The Pietersen Narrative
Kevin Pietersen playing Division Two County Championship cricket is like Daniel Day-Lewis doing panto in Peterborough. But will the KP story get a big-budget Hollywood ending?
Photo by PA Images
The postmodern condition, said French philosopher Jean-François Lyotard in a book of the same name, was characterised by the death of the "master narratives" – that is, a definitive loss of faith in the sense that history had a pattern, a direction, an endpoint.
Not that you'd have believed in the obsolescence of such overarching narratives had you been watching English cricket this last month, as Kevin Pietersen – a cricketer so postmodern that at times his shot-selection appears to have an element of PR about it – has bedded himself into the humdrum realities of Division Two of the County Championship. This is Daniel Day-Lewis doing panto in Peterborough.
The master narrative here is an inevitable, glorious, mythic return to England colours during this summer's Ashes. A bandwagon has been built and a flock of devoted thousands has jumped aboard. This despite it being an impossibility, according to both the man that picks the team and many of the (irreproachably neutral) press corps. It has since been made un-impossible by new ECB Chairman Colin Graves' statements that the door is, if not open, then no longer bolted shut. At this juncture it seems merely possible rather than probable, whatever the bookies' odds might say.
The narrative arc of the great mythical heroes requires setbacks and seemingly insurmountable obstacles. This is what makes the surging vindication of late-career plot twist all the more dramatic. So far, Pietersen has taken care of his end of the bargain, turning his back on a lucrative IPL deal, swapping Chennai for Chelmsford, Delhi for Derby, and Nagpur for Northampton. As with Day-Lewis in his hypothetical purgatory in Peterborough, you can imagine a weary KP on this reluctant schlep around the Shires continually asking his reflection: "What's my motivation? What's my motivation?" For all that Pietersen loves to remind us that he loves playing for England – a love inked into his skin, yet perhaps a bond that's only skin-deep for this most thin-skinned of men – the answer is almost certainly the immortality conferred by membership of Test cricket's 10,000-run club, which, as far as England is concerned, amounts to a convergence of interests.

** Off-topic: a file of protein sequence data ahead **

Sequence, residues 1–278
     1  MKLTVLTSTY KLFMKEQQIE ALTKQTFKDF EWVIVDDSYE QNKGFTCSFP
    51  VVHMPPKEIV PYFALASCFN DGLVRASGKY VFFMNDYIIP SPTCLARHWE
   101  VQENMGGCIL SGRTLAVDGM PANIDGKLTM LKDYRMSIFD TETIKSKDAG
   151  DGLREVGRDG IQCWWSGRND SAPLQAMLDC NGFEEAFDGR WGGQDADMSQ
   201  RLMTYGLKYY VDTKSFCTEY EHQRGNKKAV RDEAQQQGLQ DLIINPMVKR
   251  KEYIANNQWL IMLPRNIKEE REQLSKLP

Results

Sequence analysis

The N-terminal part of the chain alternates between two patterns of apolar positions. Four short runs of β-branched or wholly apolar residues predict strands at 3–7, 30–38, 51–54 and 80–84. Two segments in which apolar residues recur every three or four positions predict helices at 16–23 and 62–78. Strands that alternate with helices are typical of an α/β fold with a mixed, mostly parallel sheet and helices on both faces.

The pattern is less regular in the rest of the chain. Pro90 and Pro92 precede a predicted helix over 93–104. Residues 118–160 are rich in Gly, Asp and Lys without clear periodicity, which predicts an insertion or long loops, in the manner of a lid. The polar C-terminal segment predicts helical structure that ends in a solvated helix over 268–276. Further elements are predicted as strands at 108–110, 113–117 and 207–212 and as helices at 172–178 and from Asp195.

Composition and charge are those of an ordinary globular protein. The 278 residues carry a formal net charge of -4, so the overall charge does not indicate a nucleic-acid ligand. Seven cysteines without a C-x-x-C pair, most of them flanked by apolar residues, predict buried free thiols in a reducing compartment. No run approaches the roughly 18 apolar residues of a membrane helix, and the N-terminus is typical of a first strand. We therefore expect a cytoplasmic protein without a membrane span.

Nevertheless, the fact remains that the Utopia of an England return is no linear narrative. It requires a fortunate combination of elements, most of which are beyond his control. Scoring 1,000 first-class runs by the end of May will not be enough (although being the architect of some of the greatest innings in Test history is certainly credit in the bank). First, he needs the failure of England's top-order batsmen to create a vacancy – Schadenfreude by KP would make a pungent cologne – and may even need further changes at the ECB: any or all of (in decreasing order of likelihood) National Selector James Whitaker, coach Peter Moores, and the man he described as "Ned Flanders", skipper Alastair Cook.
How did the narrative become so badly derailed for England's leading international run scorer? It's tempting to visit his Chelsea mansion, sit down with his popstar wife while he zips back from the Oval in his Porsche, and pop that obvious question: where did it all go wrong?
Beneath the fluctuating details, the narrative is always one of fitting in: him with us; them around him; him amongst them.
For many, he first appeared on the radar in the 2005 Ashes with his 'skunk' hairdo and, they would argue, an unholy stink has followed him ever since. Before, in fact: since he arrived here to make a career, determined to right the perceived wrongs of South Africa's quota system (first trope of the mythic narrative). As has been well documented, there were ructions at Cannock CC over unpaid bar shifts; at Notts, a kitbag was tossed unceremoniously from the Trent Bridge balcony; he wasn't waved off when he left Hampshire. No smoke without fire, they say.
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He flourished under the leadership of Michael Vaughan, an astute man-manager who saw through Pietersen's bravado and realised he was essentially a sensitive, insecure soul who needed to be repeatedly told how good he was. A flamboyant batsman and attacking cricketer, Vaughan was a kindred spirit, and became not so much a father-figure to KP as a surrogate mother: someone who wanted his players to succeed with all his heart and would overlook their imperfections rather than feel aggrieved that one of them needed a little more attention than the others. Unconditional love. Things were never so congenial again.
The first fissure in his relationship with Team England came while he himself was captain – an appointment as ludicrous as that of Flintoff before him, betraying the ECB's prep school mentality that the star had to be the skipper. Pietersen clashed with the abrasive coach, Peter Moores, and both men were sacked, replaced with the ascetic, dogmatic regime of Andy Flower and Andrew Strauss. And it was under the 'Andocracy', when England were rising to briefly become the world's number one Test team, that the fissure became a crack and a bristling KP started to feel himself increasingly at the margins of things – perhaps not "disengaged", but certainly not comfortable around certain figures in a dressing room in which he was tolerated, not loved.